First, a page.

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THE USE OF INTER SIMPLE SEQUENCE REPEATS (ISSR) IN DISTINGUISHING NEIGHBORING DOUGLAS-FIR TREES AS A MEANS TO IDENTIFYING TREE ROOTS WITH ABOVE-GROUND BIOMASS
Bates, M., K. J. Martin, AND P T. Rygiewicz. THE USE OF INTER SIMPLE SEQUENCE REPEATS (ISSR) IN DISTINGUISHING NEIGHBORING DOUGLAS-FIR TREES AS A MEANS TO IDENTIFYING TREE ROOTS WITH ABOVE-GROUND BIOMASS. Presented at OSU Center for Gene Research and Biotechnology Fall Retreat, Newport, OR, September 29, 2000.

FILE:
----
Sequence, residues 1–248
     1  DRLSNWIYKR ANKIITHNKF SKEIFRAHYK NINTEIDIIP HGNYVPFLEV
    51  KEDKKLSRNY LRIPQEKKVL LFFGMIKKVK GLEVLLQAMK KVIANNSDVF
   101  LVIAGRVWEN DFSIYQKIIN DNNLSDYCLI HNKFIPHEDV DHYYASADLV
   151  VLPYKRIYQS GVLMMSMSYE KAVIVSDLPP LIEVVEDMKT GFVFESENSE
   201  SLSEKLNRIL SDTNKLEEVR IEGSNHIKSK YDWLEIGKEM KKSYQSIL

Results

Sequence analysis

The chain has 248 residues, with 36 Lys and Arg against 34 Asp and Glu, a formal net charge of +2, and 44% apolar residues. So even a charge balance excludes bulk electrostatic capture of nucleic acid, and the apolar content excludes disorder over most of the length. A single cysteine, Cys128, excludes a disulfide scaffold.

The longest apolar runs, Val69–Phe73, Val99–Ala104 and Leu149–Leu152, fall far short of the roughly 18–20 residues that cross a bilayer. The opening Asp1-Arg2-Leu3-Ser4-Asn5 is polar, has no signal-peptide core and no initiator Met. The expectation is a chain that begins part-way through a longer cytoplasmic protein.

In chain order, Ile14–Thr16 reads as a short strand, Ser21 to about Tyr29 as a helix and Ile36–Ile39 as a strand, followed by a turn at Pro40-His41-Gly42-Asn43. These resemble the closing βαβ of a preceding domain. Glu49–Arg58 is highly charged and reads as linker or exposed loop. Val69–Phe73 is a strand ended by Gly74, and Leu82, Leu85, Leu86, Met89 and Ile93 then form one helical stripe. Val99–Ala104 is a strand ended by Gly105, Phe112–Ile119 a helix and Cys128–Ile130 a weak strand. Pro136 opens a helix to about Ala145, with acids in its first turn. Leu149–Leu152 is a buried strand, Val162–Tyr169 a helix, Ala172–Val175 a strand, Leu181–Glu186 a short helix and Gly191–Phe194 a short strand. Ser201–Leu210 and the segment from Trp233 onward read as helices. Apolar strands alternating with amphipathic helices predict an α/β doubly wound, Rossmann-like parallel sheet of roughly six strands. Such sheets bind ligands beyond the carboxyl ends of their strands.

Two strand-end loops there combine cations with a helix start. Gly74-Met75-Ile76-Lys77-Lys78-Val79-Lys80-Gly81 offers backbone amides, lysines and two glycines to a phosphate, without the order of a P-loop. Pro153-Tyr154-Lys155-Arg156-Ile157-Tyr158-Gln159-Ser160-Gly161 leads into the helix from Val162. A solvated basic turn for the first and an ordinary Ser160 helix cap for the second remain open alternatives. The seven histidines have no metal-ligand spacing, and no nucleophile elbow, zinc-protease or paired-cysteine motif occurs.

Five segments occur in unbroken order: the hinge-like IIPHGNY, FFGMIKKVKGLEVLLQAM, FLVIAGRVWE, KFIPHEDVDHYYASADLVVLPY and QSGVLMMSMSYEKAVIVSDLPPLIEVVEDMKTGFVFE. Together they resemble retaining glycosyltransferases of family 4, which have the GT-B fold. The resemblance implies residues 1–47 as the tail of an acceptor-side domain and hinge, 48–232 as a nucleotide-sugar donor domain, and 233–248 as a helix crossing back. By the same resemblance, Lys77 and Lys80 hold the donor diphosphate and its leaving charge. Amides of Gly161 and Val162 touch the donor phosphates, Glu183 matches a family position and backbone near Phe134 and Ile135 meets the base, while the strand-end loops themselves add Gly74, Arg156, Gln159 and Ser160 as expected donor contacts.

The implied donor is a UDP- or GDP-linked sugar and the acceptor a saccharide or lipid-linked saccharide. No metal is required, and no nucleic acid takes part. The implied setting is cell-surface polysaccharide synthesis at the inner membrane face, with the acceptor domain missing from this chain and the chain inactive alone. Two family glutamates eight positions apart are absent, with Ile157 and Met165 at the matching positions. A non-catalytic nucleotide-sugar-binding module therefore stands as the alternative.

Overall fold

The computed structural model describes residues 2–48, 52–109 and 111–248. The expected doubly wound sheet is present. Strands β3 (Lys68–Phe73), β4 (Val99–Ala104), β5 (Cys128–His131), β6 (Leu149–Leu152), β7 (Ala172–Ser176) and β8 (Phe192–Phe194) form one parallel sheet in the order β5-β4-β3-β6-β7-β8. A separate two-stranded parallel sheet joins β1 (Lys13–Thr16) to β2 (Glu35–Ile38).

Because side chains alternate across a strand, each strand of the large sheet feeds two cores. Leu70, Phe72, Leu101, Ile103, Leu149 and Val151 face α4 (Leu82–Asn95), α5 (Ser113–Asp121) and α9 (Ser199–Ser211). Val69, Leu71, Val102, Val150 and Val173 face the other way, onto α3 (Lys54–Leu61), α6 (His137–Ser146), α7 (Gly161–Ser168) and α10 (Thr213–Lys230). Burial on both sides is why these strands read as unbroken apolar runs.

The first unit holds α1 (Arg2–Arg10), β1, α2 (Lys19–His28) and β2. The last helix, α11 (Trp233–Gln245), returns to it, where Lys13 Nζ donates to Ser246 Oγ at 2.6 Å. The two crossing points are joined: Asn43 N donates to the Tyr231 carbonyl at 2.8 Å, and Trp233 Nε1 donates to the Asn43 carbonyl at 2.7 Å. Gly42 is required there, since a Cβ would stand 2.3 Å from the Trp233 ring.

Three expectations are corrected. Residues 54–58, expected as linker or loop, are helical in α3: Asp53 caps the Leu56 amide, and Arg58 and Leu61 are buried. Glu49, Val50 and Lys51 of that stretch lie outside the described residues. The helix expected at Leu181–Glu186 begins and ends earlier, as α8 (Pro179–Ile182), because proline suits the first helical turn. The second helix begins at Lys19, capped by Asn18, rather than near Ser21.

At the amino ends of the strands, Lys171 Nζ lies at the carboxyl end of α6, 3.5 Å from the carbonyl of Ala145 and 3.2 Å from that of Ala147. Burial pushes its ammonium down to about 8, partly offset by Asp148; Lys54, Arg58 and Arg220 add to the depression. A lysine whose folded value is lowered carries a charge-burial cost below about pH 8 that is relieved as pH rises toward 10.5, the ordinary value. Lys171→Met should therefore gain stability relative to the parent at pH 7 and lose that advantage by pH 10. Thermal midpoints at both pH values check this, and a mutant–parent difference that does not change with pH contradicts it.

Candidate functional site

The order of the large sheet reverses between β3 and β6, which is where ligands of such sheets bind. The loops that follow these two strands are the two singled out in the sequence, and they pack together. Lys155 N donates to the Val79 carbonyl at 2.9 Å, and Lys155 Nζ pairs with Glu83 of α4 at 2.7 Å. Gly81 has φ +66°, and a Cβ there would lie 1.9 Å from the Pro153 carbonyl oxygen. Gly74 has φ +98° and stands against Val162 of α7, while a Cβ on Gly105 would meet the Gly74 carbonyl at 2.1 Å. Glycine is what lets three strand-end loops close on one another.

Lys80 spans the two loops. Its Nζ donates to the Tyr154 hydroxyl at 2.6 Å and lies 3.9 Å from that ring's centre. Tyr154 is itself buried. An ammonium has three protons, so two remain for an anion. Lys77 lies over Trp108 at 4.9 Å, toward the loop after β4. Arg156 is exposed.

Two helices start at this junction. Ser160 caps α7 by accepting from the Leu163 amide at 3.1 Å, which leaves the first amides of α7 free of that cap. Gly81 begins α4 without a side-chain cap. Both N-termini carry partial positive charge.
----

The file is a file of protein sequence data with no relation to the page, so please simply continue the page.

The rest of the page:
We are attempting to identify specific root fragments from soil cores with individual trees. We successfully used Inter Simple Sequence Repeats (ISSR) to distinguish neighboring old-growth Douglas-fir trees from one another, while maintaining identity among each tree's parts. We found that all three primers evaluated gave reasonable discrimination among trees. We also found that fungi produced occasional bands with these primers. We are pursuing an in-depth analysis of the patterns for the plants at the field site to determine which bands are diagnostic for specific trees. We are also analyzing root sections, to get an idea whether there is good correlation between patterns above- and below-ground or whether soil microbiota obscure the patterns. We are looking into other methods that may complement the ISSR analyses, in the case of difficulty in interpreting root ISSR patterns.